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Dr. Brooks is a Research Assistant Professor in the Department of Psychiatry and Behavioral Sciences and has her laboratory studying infant joint visual attention at I-LABS. She received her BA from Pomona College and her Ph.D. from Boston University. Her main line of research centers on joint visual attention, including eye gaze, joint engagement, and pointing. She has been examining the development of these important social cues in infancy and the attributions infants make about others’ perceptions and goals. She is also interested in how early social cognition contributes to the understanding of language and theory of mind in children with typical and atypical development.
1999 Ph.D., Psychology, Boston University, Boston, MA
1988 BA, Psychology, Pomona College, Claremont, CA
2010: Reviewer for the 2011 Society for Research in Child Development Biennial Meeting.
2007-present: Advisory Board Member for Behavioral Science Core, Center on Human Development and Disability, University of Washington
2007: Ad Hoc Grant Reviewer for the National Science Foundation
2005-present: Coordinator for the I-LABS Roundtable, University of Washington
2004-present: Ad Hoc Reviewer (year started) for Developmental Review (2010), Journal of Experimental Child Psychology (2008), Cognitive Development (2007), British Journal of Developmental Psychology (2006), Child Development (2006), Developmental Science (2006), Infancy (2005), Psychological Science (2005), Developmental Psychology (2004)
2004 Fall: Future Faculty Fellow, Howard Hughes Medical Institute Undergraduate Education Grant & Department of Biology, University of Washington
Meltzoff, A. N., Brooks, R., Shon, A. P., & Rao, R. P. N. (2010). “Social” robots are psychological agents for infants: A test of gaze following. Neural Networks, 23, 966-972.
Meltzoff, A. N. & Brooks, R. (2008). Self-experience as a mechanism for learning about others: A training study in social cognition. Developmental Psychology, 44, 1257-1265.
Brooks, R. & Meltzoff, A. N. (2008). Infant gaze following and pointing predict accelerated vocabulary growth through two years of age: A longitudinal, growth curve modeling study. Journal of Child Language, 35, 207-220.
Brooks, R. & Meltzoff, A. N. (2005). The development of gaze following and its relation to language. Developmental Science, 8, 535-543.
Brooks, R. & Meltzoff, A. N. (2002). The importance of eyes: How infants interpret adult looking behavior. Developmental Psychology, 38, 958-966.
Caron, A. J., Butler, S. C., & Brooks, R. (2002). Gaze following at 12 and 14 months: Do the eyes matter? British Journal of Developmental Psychology, 20, 225-239.
Butler, S. C., Caron, A. J., & Brooks, R. (2000). Infant understanding of the referential nature of looking. Journal of Cognition and Development, 1, 359-377.
Galler, J. R., Ramsey, F. C., Harrison, R. H., Brooks, R., & Weiskopf-Bock, S. (1998). Infant feeding practices in Barbados predict later growth. Journal of Nutrition, 128, 1328-1335.
Caron, A. J., Caron, R., Roberts, J., & Brooks, R. (1997). Infant sensitivity to deviations in dynamic facial-vocal displays: The role of eye regard. Developmental Psychology, 33, 802-813.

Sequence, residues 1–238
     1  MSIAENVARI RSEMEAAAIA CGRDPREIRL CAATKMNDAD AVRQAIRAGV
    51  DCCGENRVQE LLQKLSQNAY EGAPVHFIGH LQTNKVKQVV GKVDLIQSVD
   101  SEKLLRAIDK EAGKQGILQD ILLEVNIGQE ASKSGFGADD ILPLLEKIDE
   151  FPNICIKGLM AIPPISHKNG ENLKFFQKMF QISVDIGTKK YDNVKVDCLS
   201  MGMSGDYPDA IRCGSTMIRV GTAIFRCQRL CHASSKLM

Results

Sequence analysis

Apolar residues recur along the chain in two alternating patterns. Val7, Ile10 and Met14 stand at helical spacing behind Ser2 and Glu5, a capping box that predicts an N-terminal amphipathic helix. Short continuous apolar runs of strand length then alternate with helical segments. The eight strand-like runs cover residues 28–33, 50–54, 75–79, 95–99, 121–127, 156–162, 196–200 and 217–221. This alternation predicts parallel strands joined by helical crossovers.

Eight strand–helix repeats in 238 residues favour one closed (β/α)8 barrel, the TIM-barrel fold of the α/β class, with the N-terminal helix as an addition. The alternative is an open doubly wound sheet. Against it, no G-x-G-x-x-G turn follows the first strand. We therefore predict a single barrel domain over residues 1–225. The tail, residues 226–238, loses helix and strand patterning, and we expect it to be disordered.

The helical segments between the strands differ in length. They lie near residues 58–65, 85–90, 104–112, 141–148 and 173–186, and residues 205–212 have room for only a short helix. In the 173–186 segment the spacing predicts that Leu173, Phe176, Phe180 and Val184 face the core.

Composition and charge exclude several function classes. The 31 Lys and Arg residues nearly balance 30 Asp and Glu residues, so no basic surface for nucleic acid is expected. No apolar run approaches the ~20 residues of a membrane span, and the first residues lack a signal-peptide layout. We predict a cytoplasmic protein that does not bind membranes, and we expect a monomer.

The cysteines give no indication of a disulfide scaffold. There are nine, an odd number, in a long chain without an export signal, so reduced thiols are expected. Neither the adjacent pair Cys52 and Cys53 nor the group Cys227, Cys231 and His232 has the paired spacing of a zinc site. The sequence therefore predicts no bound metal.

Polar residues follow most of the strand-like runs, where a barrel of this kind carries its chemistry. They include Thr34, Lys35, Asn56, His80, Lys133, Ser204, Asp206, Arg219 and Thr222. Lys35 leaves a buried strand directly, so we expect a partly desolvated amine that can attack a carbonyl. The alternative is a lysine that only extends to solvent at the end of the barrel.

Brooks, R. (In press). Gaze. In F. R. Volkmar (Ed.), Encyclopedia of autism spectrum disorders. New York: Springer.
Meltzoff, A. N., & Brooks, R. (2009). Social cognition and language: The role of gaze following in early word learning. In J. Colombo, P. McCardle, & L. Freund (Eds.), Infant pathways to language: Methods, models, and research directions (pp. 169-194). New York: Psychology Press/Taylor Francis.
Meltzoff, A. N. & Brooks, R. (2007). Intersubjectivity before language: Three windows on preverbal sharing. In S. Bråten, (Ed.), On being moved: From mirror neurons to empathy (pp. 149-174). Amsterdam: John Benjamins.
Meltzoff, A. N. & Brooks, R. (2007). Eyes wide shut: The importance of eyes in infant gaze-following and understanding other minds. In R. Flom, K. Lee, & D. Muir (Eds.), Gaze-following: Its development and significance (pp. 217-241). Mahwah, NJ: Lawrence Erlbaum.
Meltzoff, A. N., & Brooks, R. (2001). “Like Me” as a building block for understanding other minds: Bodily acts, attention, and intention. In B. F. Malle, L.J. Moses, & D. A. Baldwin (Eds.), Intentions and intentionality: Foundations of social cognition (pp. 171-191). Cambridge, MA: MIT Press.
The Joint Visual Attention Lab is located at Institute for Learning & Brain Sciences on the University of Washington campus. We usually have 3 to 6 undergraduate students who are earning credit for their lab work each quarter. For our research we invite infants and toddlers to come to the lab (with their parents). Infants and toddlers play with toys at a table as they sit on their parent’s lap. During our studies children play with adults for about 10 to 20 minutes.
Following the eye gaze of other people is important for face-to-face social interactions from infancy to adulthood. Adults follow the gaze of another person because they want to see what the other person is looking at. This ability is usually called “gaze following” or “joint visual attention” and it helps us figure out what another person wants, likes, or sees. A question for research in the Joint Visual Attention Lab is whether infants have this understanding of eye gaze and, if not, when do these concepts develop.
Infants’ gaze following develops in significant ways in the first two years of life. Research from our lab has helped map out and interpret the meaning of those changes. The ongoing research topics include examining the emergence of gaze following, the relationship between joint visual attention and language acquisition, and the ways that infants learn about perception.